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現代視野:納爾遜及哈皮·洛克菲勒伉儷收藏

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Joan Miró
1893-1983年
DESSIN-COLLAGE
Signed Miró (lower right)
Collage, charcoal, pen and ink and pencil on sandpaper mounted on canvas
42 5/8 by 28 1/8 in.
117.6 by 72.4 cm
Executed in 1933.
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ADOM has confirmed the authenticity of this work.

來源

Galerie Beyeler, Basel
Royal S. Marks Gallery, New York
Acquired from the above on March 23, 1963

展覽

New York, The Museum of Modern Art & traveling, The Art of Assemblage, 1961-62, no. 152, illustrated in the catalogue
Albany, Albany Institute of History and Art, A Special Loan Exhibition of Objects Collected by our Patrons of the Arts, 1966, no. 20, illustrated in the catalogue

出版

Dorothy Canning Miller, ed., The Nelson A. Rockefeller Collection: Masterpieces of Modern Art, New York, 1981, illustrated in color p. 121

相關資料

Miró’s artistic career was defined by a perpetual drive for experimentation, adopting and at times, inventing, new methods, materials and processes to create an ever-changing and highly individualistic and expressive visual vocabulary. This composition, part of an important series of assemblages produced by Miró in 1933, was made during a particularly restless moment of his career. While his fellow Surrealists barreled forward with the momentum of their movement in the late 1920s, Miró consumed himself with the idea of “anti-painting,” which in his words, was “a revolt against a state of mind and traditional painting techniques that were later judged morally unjustifiable. It was also an attempt to express myself through new materials: bark, textile, fiber, assemblages of objects, collages, and so on” (quoted in Joan Miró, Painting and Anti-Painting, 1927-1937 (exhibition catalogue), The Museum of Modern Art, New York, p. 1). The origin of Miró’s break from conventional two-dimensional painting traces to a confluence of events in spring 1926, when Miró first moved his studio across the Seine into an artist complex used by leading Dadaists Jean Arp and Max Ernst. Around the same time, Miró and Ernst collaborated with Sergei Diaghilev on a production of Romeo and Juliet for the Ballets Russes. Miró’s participation in the project was publicly denounced by André Breton and Louis Aragon, creating a rupture between him and the rest of the Surrealist group.

In the years following the events of 1926, Miró vastly expanded his repertoire of materials and media, experimenting with the creative potential of unprimed canvas, the painterly qualities of pastel, selective application of gesso, the varied textures of copper panel, masonite and flocked paper as supports, and the incorporation of found objects and postcard images into cohesive collages and wooden constructions. Brimming with creative energy that favored tactility and materiality, Miró’s artistic output during the decade following 1926 followed no discernible progression or linear evolution. His work during this critical period vacillated between conventional canvases and the aforementioned methods of radical experimentation, and sometimes both simultaneously, in a state that Jacques Dupin has described as "spiritual homelessness" (Jacques Dupin, Miró, Paris, 2012, p. 167). During this period, Miró also experienced great tumult in his personal life. His happy marriage to Pilar Juncosa in October 1929 was followed by financial difficulties brought on by the Great Depression, which forced him to return to Barcelona in early 1932 and set up a studio in his childhood home.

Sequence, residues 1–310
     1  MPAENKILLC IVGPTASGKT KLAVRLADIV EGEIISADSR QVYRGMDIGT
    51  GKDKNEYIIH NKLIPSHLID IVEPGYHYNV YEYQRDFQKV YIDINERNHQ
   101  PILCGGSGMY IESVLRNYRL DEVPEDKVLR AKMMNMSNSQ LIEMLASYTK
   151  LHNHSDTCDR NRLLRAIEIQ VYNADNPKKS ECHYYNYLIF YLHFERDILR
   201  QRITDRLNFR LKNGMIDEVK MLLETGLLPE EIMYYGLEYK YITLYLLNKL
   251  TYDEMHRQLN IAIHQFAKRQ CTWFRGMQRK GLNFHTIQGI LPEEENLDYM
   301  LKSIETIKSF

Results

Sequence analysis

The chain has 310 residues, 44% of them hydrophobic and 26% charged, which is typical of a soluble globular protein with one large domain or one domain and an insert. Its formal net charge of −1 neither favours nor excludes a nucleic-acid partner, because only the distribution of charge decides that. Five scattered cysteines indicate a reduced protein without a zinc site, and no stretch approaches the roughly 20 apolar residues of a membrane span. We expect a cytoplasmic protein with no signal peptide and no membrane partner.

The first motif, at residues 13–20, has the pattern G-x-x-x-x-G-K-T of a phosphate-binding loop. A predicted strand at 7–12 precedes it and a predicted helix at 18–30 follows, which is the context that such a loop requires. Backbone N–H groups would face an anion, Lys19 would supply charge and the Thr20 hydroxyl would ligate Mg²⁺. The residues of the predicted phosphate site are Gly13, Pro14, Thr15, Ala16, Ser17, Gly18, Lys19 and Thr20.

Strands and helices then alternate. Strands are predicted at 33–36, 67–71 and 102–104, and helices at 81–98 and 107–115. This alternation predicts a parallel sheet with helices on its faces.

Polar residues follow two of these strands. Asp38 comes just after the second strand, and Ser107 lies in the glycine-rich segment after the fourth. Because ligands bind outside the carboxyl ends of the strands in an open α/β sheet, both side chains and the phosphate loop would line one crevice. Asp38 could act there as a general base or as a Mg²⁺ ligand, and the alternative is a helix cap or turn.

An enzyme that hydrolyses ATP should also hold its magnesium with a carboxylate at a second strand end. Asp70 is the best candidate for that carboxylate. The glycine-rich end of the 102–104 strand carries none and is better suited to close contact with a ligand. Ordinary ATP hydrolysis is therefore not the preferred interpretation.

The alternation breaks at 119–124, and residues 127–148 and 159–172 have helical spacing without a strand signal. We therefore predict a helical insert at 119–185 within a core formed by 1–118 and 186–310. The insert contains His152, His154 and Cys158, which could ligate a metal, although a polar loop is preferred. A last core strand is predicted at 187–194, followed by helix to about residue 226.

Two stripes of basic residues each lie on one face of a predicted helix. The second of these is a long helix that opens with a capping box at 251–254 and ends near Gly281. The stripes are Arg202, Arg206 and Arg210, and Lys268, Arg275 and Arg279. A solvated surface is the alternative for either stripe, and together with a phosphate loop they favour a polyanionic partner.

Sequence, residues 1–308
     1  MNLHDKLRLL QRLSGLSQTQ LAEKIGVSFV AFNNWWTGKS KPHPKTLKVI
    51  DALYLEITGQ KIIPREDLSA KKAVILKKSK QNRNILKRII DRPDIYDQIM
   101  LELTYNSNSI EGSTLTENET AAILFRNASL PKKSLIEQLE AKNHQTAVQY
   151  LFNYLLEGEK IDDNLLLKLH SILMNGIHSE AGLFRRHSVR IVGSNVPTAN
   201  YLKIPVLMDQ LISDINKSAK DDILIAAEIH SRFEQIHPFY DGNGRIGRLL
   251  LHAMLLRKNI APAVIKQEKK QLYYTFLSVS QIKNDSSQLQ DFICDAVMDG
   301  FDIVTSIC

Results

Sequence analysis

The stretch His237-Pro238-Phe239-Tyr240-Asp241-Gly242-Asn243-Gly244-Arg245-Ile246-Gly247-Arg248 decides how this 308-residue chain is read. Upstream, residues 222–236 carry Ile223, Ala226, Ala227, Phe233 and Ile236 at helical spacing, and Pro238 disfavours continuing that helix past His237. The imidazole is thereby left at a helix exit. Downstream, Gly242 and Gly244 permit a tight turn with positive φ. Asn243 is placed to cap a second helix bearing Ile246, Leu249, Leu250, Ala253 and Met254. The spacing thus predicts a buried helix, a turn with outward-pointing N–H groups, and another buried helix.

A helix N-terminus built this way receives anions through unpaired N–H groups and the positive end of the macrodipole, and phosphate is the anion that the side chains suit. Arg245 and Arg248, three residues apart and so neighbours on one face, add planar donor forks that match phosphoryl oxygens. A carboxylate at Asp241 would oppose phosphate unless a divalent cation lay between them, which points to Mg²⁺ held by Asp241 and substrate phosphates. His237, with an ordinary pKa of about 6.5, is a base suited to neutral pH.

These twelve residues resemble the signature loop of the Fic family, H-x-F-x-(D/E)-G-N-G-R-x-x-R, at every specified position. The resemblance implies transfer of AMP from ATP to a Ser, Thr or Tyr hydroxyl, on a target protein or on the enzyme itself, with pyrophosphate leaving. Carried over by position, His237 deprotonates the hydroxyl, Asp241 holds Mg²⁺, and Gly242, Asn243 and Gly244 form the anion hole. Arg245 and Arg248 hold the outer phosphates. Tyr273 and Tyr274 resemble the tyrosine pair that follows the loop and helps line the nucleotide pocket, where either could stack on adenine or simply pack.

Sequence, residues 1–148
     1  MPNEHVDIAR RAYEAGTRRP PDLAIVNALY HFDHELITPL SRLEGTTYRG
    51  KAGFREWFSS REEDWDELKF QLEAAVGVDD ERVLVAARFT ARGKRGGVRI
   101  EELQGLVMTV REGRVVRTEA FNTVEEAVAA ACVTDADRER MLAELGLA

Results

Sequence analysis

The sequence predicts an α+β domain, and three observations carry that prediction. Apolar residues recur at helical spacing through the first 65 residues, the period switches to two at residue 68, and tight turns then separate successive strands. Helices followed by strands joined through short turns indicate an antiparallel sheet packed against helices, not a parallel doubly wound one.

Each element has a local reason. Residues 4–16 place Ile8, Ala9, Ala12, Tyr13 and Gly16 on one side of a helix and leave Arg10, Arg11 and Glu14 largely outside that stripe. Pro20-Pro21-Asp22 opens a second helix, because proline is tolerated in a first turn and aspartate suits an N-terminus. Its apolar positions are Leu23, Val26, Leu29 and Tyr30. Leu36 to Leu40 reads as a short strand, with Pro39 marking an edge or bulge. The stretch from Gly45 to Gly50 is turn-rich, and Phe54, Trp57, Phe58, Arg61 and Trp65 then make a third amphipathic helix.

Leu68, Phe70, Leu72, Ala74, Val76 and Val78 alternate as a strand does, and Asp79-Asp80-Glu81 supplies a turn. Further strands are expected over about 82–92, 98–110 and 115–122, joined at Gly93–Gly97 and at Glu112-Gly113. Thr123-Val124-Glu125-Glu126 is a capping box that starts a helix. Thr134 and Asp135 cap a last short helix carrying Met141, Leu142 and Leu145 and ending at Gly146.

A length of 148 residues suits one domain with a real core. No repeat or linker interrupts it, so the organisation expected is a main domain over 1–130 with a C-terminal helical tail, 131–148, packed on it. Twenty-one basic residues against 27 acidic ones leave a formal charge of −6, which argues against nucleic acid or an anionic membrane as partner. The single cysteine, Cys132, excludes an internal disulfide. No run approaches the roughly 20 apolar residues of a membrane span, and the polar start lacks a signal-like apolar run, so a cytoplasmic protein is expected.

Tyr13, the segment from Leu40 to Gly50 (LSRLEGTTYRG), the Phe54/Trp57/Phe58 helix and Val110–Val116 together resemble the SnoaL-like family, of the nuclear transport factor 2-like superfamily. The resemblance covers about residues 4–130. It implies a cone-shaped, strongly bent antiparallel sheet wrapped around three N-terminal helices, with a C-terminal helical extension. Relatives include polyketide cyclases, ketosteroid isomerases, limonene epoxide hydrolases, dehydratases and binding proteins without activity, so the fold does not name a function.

During a stay on his family farm in Montroig in the late summer of 1933 and then again in Barcelona in early 1934, Miró produced a series of collages blending together his signature playfulness of line with cutouts of postcards, catalogues, magazines, and other found images. The present work is an example from this group that juxtaposed elements taken from postcards and illustrations in popular media of the day with bold and seemingly ludic lines that coalesce into personnages floating in space against an earthy background. In a departure from the Surrealist principle of automatic writing and creation, Miró appears to have planned these compositions carefully. As Jim Coddington notes in his study of these works, registration lines are visible on some of the compositions, where Miró marked the placement of postcards and collage elements. The result of this highly deliberate and technically sophisticated process is a harmonized composition defined by a multitude of textures. In a poetic style unique to the artist, the collage unites dreamlike Surrealist manifestations of line and form with Dadaist impulses to assemble found materials, a combination that anticipated the assemblages of such postwar artists as Joseph Cornell and Robert Rauschenberg, the latter of whom frequently appropriated imagery from popular culture to create provocative collages.

Nelson Rockefeller acquired this work from Royal S. Marks Gallery in 1963, during his time as Governor of New York. A formidable dealer in the city during his lifetime, Royal Marks directed his estate, after his death, to set up a fund for the promotion of AIDS education and research.

現代視野:納爾遜及哈皮·洛克菲勒伉儷收藏

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